That exasperation can be and should be avoided – especially before the release hits the wire and Web. Mistakes, alas, are inevitable, but it’s important to guard against them before they happen. After sending out a press release, the focus should be on promoting your news, not fixing it.

The editing process of any document can be cluttered at times with too many cooks in the kitchen, too many rewrites, and tracked changes simply can be confounding. Plus, don’t edit just for the sake of editing. Sometimes the writer has it right.

At newspapers or websites, editors generally read stories three times and three different ways – have you tried these yet?

  1. Breeze through it initially to get a sense of the story – it’s helpful to literally sit on your hands during this process so you’re not tempted to edit.
  2. The heavy lifting: Rewrite, rework and restructure the story as necessary.
  3. Fine-tune: Polish the prose and clean up typos.

The step between 1 and 2 can be tricky – you need to know how the story needs to be reworked, but that usually comes with practice and experience. This blog, however, is more focused on step 3 – finding those minute mistakes before they become major mistakes.

Eradicating Errors

So how do you sidestep slip ups while editing press releases? Most editors anticipate problems before they occur, know where things could go wrong before they do, ask where things could go wrong and think of the consequences of their editing actions. Yet sometimes it just comes down to having an eagle eye.

yay-3433113-digitalAlso, be mindful that the absence of one lone letter or the transposition of a couple letters changes the meaning of a word, and spellcheck won’t necessarily pick it up.

For example, heath vs. health: A heath is one thing, and health is something different. United vs. untied – these two words clearly have very different meanings. Other common press release examples include: manager vs. manger, complimentary vs. complementary, premiere vs. premier, chief vs. chef and through vs. though.

And be sure to check your spellcheck carefully; don’t just breeze through it because the document may be teeming with tech or biotech words. Often, Spellcheck will flag a word it does not recognize, yet the word is spelled correctly. Then later in the document, Spellcheck will flag a similarly spelled word, but it’s off by one letter. If an editor is on Spellcheck “Ignore All” autopilot, then the misspelled word will fly under the radar.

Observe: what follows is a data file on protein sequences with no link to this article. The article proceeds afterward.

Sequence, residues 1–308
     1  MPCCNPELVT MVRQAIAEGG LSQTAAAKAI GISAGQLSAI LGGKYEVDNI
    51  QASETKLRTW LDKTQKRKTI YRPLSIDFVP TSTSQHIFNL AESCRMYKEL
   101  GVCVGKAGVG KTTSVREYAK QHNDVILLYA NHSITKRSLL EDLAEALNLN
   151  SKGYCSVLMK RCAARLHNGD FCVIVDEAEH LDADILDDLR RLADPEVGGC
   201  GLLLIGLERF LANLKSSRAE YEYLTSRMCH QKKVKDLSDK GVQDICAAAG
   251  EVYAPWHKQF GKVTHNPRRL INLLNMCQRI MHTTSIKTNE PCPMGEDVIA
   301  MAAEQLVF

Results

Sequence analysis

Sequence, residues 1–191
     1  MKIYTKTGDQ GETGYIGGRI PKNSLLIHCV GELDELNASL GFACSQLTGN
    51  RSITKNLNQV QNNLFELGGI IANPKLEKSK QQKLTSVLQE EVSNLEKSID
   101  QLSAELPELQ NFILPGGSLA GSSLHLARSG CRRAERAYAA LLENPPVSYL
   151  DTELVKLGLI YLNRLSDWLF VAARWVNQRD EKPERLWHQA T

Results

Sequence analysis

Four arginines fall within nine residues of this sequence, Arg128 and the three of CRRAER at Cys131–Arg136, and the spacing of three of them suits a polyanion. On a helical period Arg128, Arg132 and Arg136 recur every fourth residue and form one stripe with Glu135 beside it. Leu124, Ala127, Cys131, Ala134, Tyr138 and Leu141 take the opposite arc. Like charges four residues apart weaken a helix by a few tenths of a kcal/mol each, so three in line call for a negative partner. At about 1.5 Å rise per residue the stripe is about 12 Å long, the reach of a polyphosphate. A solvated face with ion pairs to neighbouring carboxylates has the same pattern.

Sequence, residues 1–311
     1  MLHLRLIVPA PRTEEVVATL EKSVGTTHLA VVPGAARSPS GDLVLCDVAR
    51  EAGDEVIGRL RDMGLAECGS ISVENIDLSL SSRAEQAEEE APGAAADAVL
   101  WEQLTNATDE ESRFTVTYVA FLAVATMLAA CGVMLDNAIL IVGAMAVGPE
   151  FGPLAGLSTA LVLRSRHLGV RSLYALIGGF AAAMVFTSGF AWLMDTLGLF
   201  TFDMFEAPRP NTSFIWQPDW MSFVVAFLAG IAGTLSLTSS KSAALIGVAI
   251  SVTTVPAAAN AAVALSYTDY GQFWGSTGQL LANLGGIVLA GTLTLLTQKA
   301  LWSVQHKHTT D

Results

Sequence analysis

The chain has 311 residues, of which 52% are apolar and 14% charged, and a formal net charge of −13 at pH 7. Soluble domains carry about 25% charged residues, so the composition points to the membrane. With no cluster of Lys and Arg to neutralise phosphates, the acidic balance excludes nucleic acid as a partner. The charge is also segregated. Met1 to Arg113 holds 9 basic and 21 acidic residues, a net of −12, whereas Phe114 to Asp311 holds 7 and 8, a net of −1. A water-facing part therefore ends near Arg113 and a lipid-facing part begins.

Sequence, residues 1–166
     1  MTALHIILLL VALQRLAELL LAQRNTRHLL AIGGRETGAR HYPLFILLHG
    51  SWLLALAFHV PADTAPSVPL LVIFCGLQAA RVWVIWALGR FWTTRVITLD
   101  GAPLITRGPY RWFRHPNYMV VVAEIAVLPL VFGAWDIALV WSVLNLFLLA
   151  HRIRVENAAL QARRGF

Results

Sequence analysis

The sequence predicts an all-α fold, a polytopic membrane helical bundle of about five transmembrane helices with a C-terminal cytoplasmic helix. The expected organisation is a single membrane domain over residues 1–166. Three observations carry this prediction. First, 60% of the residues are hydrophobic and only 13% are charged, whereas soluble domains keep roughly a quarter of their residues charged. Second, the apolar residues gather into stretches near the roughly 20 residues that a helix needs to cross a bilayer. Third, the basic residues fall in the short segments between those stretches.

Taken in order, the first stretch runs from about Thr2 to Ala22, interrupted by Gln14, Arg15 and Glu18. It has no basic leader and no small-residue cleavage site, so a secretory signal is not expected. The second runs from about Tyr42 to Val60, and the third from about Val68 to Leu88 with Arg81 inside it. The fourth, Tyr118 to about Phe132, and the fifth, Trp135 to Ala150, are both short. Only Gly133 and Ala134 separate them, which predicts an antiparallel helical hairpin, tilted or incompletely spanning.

These spelling discrepancies are especially problematic in business press releases with mismatching company and product names.

‘Confident paranoia’

Many press releases simply could use a healthy dose of preventative medicine – an ounce of prevention is worth a pound of cure.

yay-1578342-digitalIn my local newsroom, we track the time spent on each correction issued by our clients. In my office, we average about 12 client corrections a month. During high-volume times, that correction total can spike. The corrections can be costly to our clients and counterproductive for everyone.

Some press release corrections are more significant and easily avoidable than others. Some common culprits include: incorrect event dates in releases; incorrect media contact information, especially phone numbers; incorrect titles for people; incorrect press release submitted; and not getting the proper approvals from all the companies involved in the release. But perhaps the most frequent offender is a broken or incorrect embedded hyperlink.

At Business Wire Boston, we preach the idea of “confident paranoia.” Be confident in your editing abilities, but, like a good carpenter, measure twice and cut once.

Luke O’Neill, formerly a newspaper reporter and copy editor, is a senior editor at Business Wire Boston. He has nearly 15 years of communications experience and a master’s degree in journalism.